These figures indicate that the maximum dry unit weights of the clay were 20.9, with the clayey sand and the base course material having dry unit weights of 22.5 and 19.5kN/m3 respectively when mixed with tap water. The maximum dry unit weight for the clay decreased from 20.9kN/m3 to 17.5kN/m3 when the material was mixed with saline water. However, it was noted that there was an increase in the maximum dry unit weight for both clayey sand and base course from 19.5kN/m3 to 20.5kN/m3 and from 22.5kN/m3 to 23.2kN/m3 respectively. This is attributed to changes in the intermolecular structure, where in the clay sample the saline induced repulsive force between the salt molecules and the clay intermolecular structure, which increased the intermolecular distances and void ratios in the sample whereas the increase in the dry unit weight of the base course is attributed to a chemical reaction between the salt molecules and soil particles, thus hardening the material and increasing the dry unit weight (Otoko 2014, p.14).
A further 100g of the materials were mixed with tap water and Atlantic Ocean saline water for the Atterberg’s Limits test. Six paste specimens were prepared to determine the Atterberg limit of the soils. The results of these tests showed that each of the soils tended to stiffen with decreased Atterberg limits for the samples with salt water as shown in Table 1.
Table 1 Effect of Saline water on Atterberg limits and compactions (Otoko 204, p. 13, Table 1)
The samples were also subjected to unconfined compression testing that had been compacted to optimum water content and placed in a cylindrical shaped mould measuring 112.5mm height and 50.0mm diameter as specified in ASTMD 2166 – 85. The results of these tests are shown in Figures 8 to 10 (Otoko 2014, p.11).
Figure 8 Stress strain relationship for Clay soil with tap water and Atlantic Ocean saline water (Otoko 2014, p.13, Figure 6)
Figure 9 Stress strain relationship for Clay sand sample with tap water and Atlantic Ocean saline water (Otoko 2014, p.13, Figure 7)
Figure 10 Stress strain relationship for Base course with tap water and Atlantic Ocean saline water (Otoko 2014, p.13, Figure 6)
In the above figures, the relationship between the unconfined shear strength and strain from three soil types using tap and salty water show that the clay soil sample and the clayey sand sample have higher unconfined compressive strength for the saline state. This is attributed to the fact that the clay soil has “multi layers of gibbsite and silica sheets with hydrogen bonding linking these sheets” which become closer under axial compression, which increases resistance to compression and leads to higher shear strength (Otoko 2014, p.14). In contrast, the structure of base course contains compacted calcium oxide molecule, which as shown in Figure 10, fails “more rapidly than clay”, with the saline water enhancing the shear strength of the base course, largely because of the conversion of the calcium oxides and hydroxide into calcium chloride, which can resist higher values of shear (Otoko 2014, p.15).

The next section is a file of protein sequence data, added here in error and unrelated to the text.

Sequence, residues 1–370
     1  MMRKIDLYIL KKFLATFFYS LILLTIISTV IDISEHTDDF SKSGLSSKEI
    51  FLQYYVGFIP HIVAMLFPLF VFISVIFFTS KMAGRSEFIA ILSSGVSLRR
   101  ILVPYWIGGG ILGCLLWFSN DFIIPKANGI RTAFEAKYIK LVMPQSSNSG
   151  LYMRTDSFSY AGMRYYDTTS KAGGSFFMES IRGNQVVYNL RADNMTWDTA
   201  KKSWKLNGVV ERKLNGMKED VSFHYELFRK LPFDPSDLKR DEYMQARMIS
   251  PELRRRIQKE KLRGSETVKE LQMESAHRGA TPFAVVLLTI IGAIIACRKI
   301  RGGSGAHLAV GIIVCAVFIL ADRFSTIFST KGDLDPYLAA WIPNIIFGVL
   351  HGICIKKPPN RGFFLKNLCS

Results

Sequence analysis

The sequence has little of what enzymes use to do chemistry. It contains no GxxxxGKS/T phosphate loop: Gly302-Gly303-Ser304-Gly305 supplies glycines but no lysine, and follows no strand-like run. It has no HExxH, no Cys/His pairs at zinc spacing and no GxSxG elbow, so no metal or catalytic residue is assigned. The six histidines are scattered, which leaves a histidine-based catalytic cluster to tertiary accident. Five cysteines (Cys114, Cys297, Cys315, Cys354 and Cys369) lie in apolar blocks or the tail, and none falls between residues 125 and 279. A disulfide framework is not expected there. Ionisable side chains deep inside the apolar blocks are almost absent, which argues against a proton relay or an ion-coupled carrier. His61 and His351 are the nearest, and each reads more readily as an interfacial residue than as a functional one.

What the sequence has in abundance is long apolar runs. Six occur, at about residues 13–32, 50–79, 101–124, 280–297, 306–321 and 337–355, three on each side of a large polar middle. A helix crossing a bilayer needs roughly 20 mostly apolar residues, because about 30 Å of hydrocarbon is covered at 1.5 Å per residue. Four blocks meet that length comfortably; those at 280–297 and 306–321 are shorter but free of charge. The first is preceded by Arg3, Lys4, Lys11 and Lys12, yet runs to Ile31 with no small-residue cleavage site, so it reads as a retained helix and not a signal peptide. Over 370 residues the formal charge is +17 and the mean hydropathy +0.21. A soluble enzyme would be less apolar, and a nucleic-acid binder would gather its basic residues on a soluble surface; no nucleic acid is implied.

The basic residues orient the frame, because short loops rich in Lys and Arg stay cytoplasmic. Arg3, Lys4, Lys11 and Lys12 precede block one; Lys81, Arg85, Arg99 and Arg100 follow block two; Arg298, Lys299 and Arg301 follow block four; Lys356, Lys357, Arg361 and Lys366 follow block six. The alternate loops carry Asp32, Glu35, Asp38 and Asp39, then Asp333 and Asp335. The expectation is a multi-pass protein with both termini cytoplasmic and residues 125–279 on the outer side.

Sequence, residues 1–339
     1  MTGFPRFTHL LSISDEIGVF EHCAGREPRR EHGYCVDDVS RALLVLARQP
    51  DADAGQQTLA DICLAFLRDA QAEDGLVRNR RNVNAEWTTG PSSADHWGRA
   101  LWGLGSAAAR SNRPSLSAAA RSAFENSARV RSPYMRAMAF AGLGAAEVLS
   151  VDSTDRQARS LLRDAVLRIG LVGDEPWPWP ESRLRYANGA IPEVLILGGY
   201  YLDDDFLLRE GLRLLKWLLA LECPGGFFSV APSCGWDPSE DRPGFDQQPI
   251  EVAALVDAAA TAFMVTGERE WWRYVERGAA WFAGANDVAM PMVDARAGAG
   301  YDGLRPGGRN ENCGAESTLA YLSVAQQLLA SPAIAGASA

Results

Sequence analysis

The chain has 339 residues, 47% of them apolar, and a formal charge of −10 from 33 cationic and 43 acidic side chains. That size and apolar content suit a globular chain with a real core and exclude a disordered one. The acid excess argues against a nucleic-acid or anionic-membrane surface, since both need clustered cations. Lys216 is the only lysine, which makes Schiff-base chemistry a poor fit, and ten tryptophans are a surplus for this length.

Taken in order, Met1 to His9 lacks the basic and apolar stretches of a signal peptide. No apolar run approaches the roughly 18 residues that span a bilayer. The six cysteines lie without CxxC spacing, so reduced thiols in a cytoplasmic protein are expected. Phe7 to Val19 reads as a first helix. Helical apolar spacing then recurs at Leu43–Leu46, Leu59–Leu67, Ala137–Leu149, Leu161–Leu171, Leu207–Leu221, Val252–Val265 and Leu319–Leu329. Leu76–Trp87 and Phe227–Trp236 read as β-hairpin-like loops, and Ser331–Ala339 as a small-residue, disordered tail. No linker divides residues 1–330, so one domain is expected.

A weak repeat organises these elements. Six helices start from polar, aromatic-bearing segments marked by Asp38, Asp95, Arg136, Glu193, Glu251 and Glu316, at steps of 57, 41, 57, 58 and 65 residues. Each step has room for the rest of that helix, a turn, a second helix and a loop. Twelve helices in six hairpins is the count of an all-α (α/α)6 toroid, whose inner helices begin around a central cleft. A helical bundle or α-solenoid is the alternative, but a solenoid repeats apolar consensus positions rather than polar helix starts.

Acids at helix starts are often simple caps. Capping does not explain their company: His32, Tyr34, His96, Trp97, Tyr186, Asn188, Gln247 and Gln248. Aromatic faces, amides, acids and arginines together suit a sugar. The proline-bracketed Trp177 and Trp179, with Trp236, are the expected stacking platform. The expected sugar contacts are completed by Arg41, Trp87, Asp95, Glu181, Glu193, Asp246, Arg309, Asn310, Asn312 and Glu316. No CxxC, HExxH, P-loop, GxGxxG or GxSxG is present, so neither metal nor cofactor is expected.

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A study conducted by Gratchev et al. (2007, p.349), into the cyclic behaviour of bentonite-sand mixtures that were treated with salt, found that the “cyclic shear strength at lower concentrations of salt was greater than that obtained at higher salt concentrations”. Gratchev and Sassa (2013, p.1817) studied the cyclic behaviour of soil under different physico-chemical conditions by conducting a series of undrained cyclic stress-controlled ring-shear tests on a natural soil permeated with solutions of NaCl, sodium hydroxide (NaOH), and sulfuric acid (H2SO4) to examine the cyclic behaviour of soil with different pore fluids. The study concluded that an increase in NaCl concentration from 1 meq/L to 11 meq/L leads to a corresponding decrease in the shear resistance of soil to cyclic loading. In addition, it was found that the soil environment affects the behaviour of the soil, for example in acidic and alkaline environments, it was found that the cyclic shear strength of soil decreases compared to specimens with distilled water. The changes in the cyclic behaviour of soil with different pore fluids are attributed to changes in the diffuse double layer of clay, whereby large concentrations of NaCl, NaOH, and H2SO4 can decrease the thickness of the diffuse double layer, thus producing soil structures that are less resistant to cyclic loading (Gratchev & Sassa 2013, p.1820).
Summary of Literature Review